Should a plane be painted in its natural environs – playing tag with clouds or hopping over trees and meadows? What about painting it forlorn looking, like a sad-eyed puppy dog, on the ramp waiting for its master to take it for a hop? Or maybe it should be shown perched expectantly on a catapult, like a leopard ready to pounce on some unsuspecting prey, waiting for the launch officer’s signal to go. What difference does the setting make?
There’s a TV commercial that brought to mind how important setting is to a picture. In this commercial, two women are talking in front of a large window about the product being promoted. During the conversation one woman raises and lowers the window blind repeatedly – each time revealing the comedy occurring in the back yard. In the opening scene a guy is busy barbecuing something for a party. His trusty dog is sitting impatiently by his side waiting for some morsel to be thrown his way. The next scene shows the guy in a tug of war with the dog over a huge steak. When the blind is raised again, the guy is on the ground holding a garden hose with a pathetic stream of water on the overturned barbecue with the hot coals smoldering under the butane tank. The final scene shows the guy standing, looking bewildered, as the barbecue blasts into the air and with poetic justice comes crashing down on the dog’s house, smashing it into a pile of kindling.
What did this little comedy sketch have to do with the product being sold? Probably nothing. The first few times I watched the commercial, it didn’t fully register in my mind what was going on. When I realized there was a whole different story being told in the background, I started watching it and forgot all about the two women and the product they were pitching. Which brings us back to the question, is the setting important?
Sam Lyons’ latest Piper Cub painting is “”Field of Dreams.”" Sam has done several paintings of this popular bird and, like the plane, his sold-out editions have increased in value and demand continues to grow with time. His latest painting was commissioned by two brothers who live in Virginia, who wanted the painting to depict a 1946 J-3 Piper Cub and a John Deere tractor from the same time period.
The artist shows two men admiring a beautifully restored Cub. Presumably, the Cub depicted is how the brothers envision their Cub will look when they finish restoring it, since everything is exactly as it will be, including the paint scheme. Even the N-number is the one that will be used.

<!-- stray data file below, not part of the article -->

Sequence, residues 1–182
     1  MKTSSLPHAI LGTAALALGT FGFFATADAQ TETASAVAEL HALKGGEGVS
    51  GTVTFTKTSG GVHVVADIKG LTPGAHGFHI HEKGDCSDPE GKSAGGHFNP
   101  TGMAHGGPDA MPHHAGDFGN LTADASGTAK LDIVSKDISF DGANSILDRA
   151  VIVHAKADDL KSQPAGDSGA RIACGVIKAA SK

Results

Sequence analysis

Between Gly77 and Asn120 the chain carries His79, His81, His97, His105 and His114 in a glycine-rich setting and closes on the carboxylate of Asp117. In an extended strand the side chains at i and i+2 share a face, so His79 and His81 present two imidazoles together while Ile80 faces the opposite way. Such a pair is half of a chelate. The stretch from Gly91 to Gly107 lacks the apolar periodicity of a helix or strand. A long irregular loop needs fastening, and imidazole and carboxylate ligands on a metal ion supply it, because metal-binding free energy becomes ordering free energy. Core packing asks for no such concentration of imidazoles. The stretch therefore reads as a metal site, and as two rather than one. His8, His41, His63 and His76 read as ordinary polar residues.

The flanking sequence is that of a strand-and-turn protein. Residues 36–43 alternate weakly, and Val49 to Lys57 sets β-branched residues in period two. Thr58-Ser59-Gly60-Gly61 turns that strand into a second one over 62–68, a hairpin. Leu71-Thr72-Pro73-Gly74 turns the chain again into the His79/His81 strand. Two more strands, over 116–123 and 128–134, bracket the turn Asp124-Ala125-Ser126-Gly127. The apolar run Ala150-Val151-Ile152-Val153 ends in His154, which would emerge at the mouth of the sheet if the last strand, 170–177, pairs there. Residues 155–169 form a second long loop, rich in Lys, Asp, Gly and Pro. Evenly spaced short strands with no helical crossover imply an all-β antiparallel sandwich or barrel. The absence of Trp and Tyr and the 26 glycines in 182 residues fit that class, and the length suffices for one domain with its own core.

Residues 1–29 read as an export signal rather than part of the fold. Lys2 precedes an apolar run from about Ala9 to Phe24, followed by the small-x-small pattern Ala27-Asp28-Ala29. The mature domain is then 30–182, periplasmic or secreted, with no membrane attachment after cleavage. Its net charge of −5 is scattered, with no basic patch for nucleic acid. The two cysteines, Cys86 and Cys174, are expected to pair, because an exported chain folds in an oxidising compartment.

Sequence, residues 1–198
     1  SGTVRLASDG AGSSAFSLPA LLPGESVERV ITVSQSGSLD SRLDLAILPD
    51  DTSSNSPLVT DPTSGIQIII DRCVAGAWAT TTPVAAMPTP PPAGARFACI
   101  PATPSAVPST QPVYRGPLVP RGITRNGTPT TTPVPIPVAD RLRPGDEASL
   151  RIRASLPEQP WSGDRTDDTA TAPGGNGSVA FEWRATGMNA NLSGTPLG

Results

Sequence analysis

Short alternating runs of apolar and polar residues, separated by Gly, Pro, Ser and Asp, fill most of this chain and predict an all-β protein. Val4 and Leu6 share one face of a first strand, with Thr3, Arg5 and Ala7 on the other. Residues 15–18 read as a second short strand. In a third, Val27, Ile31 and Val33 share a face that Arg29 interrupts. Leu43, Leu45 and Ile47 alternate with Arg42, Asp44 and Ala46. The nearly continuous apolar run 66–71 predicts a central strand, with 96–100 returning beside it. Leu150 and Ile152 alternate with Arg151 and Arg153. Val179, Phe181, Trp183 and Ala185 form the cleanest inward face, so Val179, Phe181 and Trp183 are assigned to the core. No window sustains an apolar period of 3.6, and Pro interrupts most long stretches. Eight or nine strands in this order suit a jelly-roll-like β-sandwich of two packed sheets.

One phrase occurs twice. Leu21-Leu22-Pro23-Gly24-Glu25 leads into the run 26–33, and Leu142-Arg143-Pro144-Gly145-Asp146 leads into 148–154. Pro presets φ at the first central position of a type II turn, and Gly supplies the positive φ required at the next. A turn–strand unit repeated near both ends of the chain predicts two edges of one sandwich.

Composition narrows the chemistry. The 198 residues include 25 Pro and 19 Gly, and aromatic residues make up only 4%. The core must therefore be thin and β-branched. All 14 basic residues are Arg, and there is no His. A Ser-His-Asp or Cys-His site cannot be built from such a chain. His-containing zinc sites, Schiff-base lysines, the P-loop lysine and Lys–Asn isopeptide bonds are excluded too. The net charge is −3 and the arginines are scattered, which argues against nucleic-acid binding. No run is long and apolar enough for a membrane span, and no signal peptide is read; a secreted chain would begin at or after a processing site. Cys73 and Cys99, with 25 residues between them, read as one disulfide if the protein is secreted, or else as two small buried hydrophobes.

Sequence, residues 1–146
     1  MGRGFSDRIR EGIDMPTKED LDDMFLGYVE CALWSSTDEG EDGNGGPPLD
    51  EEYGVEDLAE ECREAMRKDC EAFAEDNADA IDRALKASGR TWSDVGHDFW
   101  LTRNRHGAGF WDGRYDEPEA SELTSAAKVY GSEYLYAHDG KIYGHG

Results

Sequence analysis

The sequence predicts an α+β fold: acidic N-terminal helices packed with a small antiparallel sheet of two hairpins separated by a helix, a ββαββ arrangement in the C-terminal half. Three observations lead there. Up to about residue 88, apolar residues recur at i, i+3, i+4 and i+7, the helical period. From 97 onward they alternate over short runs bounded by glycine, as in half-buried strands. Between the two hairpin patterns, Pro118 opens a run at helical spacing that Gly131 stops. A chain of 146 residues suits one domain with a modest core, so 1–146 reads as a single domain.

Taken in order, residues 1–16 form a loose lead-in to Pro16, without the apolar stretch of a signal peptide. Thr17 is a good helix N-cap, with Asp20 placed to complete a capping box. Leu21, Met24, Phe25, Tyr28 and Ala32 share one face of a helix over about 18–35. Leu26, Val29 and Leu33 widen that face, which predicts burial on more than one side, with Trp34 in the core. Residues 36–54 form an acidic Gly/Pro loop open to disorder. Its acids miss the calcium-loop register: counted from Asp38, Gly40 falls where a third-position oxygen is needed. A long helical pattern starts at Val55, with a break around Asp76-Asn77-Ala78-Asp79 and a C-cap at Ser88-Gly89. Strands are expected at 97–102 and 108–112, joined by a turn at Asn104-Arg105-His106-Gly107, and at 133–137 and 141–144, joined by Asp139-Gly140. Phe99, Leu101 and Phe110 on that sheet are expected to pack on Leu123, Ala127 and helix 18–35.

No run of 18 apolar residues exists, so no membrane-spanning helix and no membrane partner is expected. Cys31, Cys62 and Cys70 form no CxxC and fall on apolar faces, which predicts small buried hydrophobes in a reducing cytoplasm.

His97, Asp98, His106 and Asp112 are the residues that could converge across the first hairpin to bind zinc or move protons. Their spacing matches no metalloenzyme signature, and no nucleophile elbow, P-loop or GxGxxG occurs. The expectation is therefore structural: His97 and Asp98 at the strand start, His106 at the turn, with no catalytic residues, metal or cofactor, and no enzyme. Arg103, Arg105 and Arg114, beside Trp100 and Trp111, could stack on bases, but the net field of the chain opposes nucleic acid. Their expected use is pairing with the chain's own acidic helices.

To the left of the Cub, in the background, is Lyons’ signature pick-up truck, which appears in all his paintings except those in which the person commissioning the painting requests that it not be shown. At the gate is Charlie Kulp and Sam’s wife, Mindy. Kulp, the Flying Farmer, is an airshow performer who does marvelous things in a Cub, thrilling airshow crowds wherever he performs. His act starts with an unattended Cub, which makes one wonder what thoughts flash through his mind when he sees a beautifully restored Cub just sitting there begging for someone to fly it.
The artist can be seen playfully poking his head out of the hangar on the right side, just above the rear tractor tire. The name “”White Brothers Aircraft”" is not a play on words for the Wright Brothers, as one might suspect, but the name of the two men who are putting their heart and soul into rebuilding the Piper Cub shown.
Now some will say the image is a mite busy, but others will love it. Some may think the painting is not serious enough, while others will smile at the artist’s subtle humor. Some will ask why the tractor is given almost equal billing with the Cub, while tractor aficionados will be ecstatic. Whatever you think of it, you can be sure the artist had fun doing it, and something tells me the two brothers who commissioned it will cherish it forever.
So what kind of setting should a plane be depicted in? It depends on the story the artist wants to tell. Planes are at home on the ground as well as in the sky. Yes, they are meant to fly, and like those who have been smitten with the love of flying, they would rather be in the air than on the ground where they feel somewhat akin to a fish out of water. However, when you think about it, the setting does define the story being told. If the artist had used any other setting, it wouldn’t be the same story.
Larry W. Bledsoe is an avid aviation historian and writer. He can be contacted at 909-986-1103 or at BledsoeAvArt.com.